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Pick up in automotive demand, premium product mix and strong brand presence bode well for the prospects of Castrol India.
The company is reaching out to customers through promotional campaigns.
An automotive segment in high gear, premium product mix, and a formidable brand bode well for the prospects of Castrol India, a leading player in the lubricants market in the country. Also, the company has been consistently posting solid financials, and has a very high dividend-paying track record.
At its current price of Rs 419, the stock trades at around 22 times its trailing 12-month earnings. Yet, considering the FMCG-like nature of the company's business, there could be scope for further upside (majors in the category currently trade at around 30 times earnings). Also, while the company trades at a premium to private sector lubricant peers Tide Water Oil and Gulf Oil Corporation, this may be justified given its size and lead.
Though the stock has gained strongly over the past couple of years following a re-rating, investors with a high-risk perspective can consider taking advantage of the almost 21 per cent price decline since mid-September. The company's sequential performance in the September quarter (historically weaker) showed a dip, mainly due to input cost pressure. However, one swallow does not a summer make, and, going forward, we expect the company to be able to capitalise on its strong positioning and favourable industry dynamics.
Over the years, Castrol India, a BP subsidiary, has strengthened its position, and enjoys more than 20 per cent market share in the automotive lubricants market, from which it derives more than 85 per cent of sales and profits. It has been able to hold its own in a highly competitive market, which is catered to by the PSU oil marketing companies, major multinationals, including Shell and Mobil, local players such as Tide Water Oil and Gulf Oil Corp, and a large unorganised sector. A broad-basing of its distribution network beyond the traditional fuel sale outlets to the ‘bazaar' route and OEM dealerships and workshops has helped Castrol expand its reach significantly.
Customer outreach initiatives such as Pit Stops, Bike Zones and Sanjeevani have helped reinforce the brand. Strong brand presence built over the years, and shifts in its product mix to cater to premium categories, has helped the company deliver robust performance. Despite decrease in volumes sold, the company's profits have grown strongly. Sales grew at an annual rate of around 13 per cent during the 2005-2009 period to Rs 2318 crore, while profits grew around 27 per cent to Rs 381 crore in the same period (the company follows the calendar year).
Castrol has also been active on the product innovation front. It has leveraged technology to offer a range of products, including high-performance synthetic lubricants, giving it an edge over competition. Strong pricing power has enabled the company, for the most part, to pass significant cost increases in base oil, its main raw material.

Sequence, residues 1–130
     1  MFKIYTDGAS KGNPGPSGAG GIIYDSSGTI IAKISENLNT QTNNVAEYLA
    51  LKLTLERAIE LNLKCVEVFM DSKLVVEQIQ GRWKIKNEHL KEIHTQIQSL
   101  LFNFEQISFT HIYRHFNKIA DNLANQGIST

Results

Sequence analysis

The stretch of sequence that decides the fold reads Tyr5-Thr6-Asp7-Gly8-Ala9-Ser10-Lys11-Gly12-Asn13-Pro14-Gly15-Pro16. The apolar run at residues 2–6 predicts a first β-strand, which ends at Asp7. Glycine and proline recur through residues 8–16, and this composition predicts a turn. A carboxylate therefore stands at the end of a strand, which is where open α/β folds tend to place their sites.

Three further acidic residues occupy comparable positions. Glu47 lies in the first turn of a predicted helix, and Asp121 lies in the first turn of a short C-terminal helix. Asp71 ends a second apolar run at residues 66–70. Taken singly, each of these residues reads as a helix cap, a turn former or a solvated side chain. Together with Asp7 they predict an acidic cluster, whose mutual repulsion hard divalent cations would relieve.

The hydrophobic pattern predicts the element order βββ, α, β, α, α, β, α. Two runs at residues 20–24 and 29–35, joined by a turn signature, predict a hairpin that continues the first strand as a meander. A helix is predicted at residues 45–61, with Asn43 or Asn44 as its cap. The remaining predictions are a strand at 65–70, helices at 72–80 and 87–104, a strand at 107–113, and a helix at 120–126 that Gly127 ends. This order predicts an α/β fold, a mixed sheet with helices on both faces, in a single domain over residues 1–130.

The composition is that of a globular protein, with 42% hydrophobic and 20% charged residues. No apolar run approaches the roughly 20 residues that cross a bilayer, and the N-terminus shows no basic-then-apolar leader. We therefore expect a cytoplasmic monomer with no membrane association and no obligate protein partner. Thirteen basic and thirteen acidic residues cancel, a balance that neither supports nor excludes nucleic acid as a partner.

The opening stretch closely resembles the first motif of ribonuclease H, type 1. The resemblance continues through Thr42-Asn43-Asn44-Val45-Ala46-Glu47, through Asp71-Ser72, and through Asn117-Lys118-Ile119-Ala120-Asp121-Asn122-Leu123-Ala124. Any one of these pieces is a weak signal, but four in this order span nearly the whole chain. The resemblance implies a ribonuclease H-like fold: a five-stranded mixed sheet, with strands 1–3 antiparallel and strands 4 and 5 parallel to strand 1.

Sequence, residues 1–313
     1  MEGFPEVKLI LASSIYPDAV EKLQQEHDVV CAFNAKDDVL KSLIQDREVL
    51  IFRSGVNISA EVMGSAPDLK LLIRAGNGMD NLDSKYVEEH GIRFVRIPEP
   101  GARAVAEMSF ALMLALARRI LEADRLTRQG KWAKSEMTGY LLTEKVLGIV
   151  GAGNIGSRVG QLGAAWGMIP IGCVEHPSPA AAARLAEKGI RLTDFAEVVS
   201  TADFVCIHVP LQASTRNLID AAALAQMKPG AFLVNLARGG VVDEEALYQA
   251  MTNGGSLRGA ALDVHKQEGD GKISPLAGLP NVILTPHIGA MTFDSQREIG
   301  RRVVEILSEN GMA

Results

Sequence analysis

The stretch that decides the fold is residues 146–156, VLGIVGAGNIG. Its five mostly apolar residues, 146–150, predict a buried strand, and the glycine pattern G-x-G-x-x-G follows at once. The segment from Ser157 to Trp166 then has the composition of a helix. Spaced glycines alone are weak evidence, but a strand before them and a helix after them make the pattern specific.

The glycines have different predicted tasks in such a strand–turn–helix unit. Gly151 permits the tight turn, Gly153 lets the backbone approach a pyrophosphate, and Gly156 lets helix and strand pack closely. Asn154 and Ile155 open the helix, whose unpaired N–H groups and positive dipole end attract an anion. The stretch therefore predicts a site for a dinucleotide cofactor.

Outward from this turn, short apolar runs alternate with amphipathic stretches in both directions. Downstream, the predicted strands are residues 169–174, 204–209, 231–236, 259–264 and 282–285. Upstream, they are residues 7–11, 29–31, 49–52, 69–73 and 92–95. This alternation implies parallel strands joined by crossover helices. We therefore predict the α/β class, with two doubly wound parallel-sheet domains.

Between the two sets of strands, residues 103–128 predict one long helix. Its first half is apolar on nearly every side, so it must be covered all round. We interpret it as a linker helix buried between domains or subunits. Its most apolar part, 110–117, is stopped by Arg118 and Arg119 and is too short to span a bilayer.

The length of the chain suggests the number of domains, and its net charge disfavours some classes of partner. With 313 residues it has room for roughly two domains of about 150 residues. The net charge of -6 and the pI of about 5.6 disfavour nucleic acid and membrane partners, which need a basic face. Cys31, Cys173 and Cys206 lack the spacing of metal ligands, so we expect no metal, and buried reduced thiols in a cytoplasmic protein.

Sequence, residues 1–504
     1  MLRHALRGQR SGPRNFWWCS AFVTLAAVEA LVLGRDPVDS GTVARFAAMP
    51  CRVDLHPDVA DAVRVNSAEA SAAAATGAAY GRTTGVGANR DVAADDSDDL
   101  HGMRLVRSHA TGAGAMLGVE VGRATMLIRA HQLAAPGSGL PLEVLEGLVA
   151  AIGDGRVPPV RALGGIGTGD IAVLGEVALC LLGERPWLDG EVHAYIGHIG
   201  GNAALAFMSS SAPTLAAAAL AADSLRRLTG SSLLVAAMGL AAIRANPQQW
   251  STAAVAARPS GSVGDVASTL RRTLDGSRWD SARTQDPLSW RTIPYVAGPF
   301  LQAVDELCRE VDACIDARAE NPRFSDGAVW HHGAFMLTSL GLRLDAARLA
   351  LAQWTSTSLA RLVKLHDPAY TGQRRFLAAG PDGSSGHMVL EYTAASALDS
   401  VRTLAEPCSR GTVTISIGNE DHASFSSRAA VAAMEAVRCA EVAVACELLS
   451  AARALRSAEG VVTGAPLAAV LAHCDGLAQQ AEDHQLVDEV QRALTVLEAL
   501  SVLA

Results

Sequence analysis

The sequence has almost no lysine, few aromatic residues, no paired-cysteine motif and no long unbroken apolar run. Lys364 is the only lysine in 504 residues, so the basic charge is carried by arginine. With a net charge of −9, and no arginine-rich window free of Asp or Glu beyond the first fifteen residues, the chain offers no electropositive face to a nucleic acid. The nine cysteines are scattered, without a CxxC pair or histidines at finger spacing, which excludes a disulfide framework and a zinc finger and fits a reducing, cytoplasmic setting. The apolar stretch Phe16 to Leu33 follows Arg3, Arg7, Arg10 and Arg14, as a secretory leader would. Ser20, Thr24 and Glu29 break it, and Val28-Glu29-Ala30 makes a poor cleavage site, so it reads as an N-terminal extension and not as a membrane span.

Historically, Castrol has adopted a strategy of effecting price hikes ahead of the cost curve, helping ring-fence its margins.
This along with a tight leash on costs has enabled the company maintain strong profitability, with operating margins in excess of 25 per cent and net margin around 18 per cent. Strong cash flows, zero debt, return on equity in excess of 75 per cent, and dividend payout ratios consistently above 70 per cent (translating into a yield of between 4 to 5 per cent) also make the company a solid franchise.
Castrol's automotive lube product range caters to commercial vehicles, passenger cars, and two- and three-wheelers. The segment registered robust performance with sales and profits growing 19 and 27 per cent y-o-y to Rs 1,766 crore and Rs 485 crore respectively during the nine months ending September 2010. Castrol is shifting focus from the truck segment (accounting for over half the segment's turnover) to the high-potential passenger car category. This segment is expected to see robust demand on the back of growing demand for personal mobility, attested by the strong performance of the auto sector last calendar.
With a host of recent launches, including that of affordable small cars, the lubricant market is set to benefit from both new and repeat demand. Castrol's tie-ups with leading OEMs should hold it in good stead. The company's increased thrust on rural areas should also help. While in the past, volumes sold have been declining in line with the profitability focus strategy, we expect this trend to reverse given the strong latent demand for the company's premium mix products.
The non-automotive segment (around 13 - 14 per cent of revenues and profits), which supplies industrial lubricants, has also seen good traction in the recent nine-month period, with sales and profits up by 20 per cent and 19 per cent respectively over the previous year to Rs 273 crore and Rs 79 crore. Pick-up in economic and manufacturing growth, which aided this rise, is expected to continue.
With crude oil price trending upwards, increase in cost of base oil (a key raw material), is a major risk. This could put pressure on margins; yet, with the company's pricing power, we expect margins to remain healthy .
With improving technology, drain intervals (recommended distance after which oil should be changed) for many vehicle types are on the rise. This could moderate replacement demand for lubricants. Competition in the lubes market may intensify, with PSUs getting aggressive on the distribution front. Castrol's positioning and brand, though, should help.
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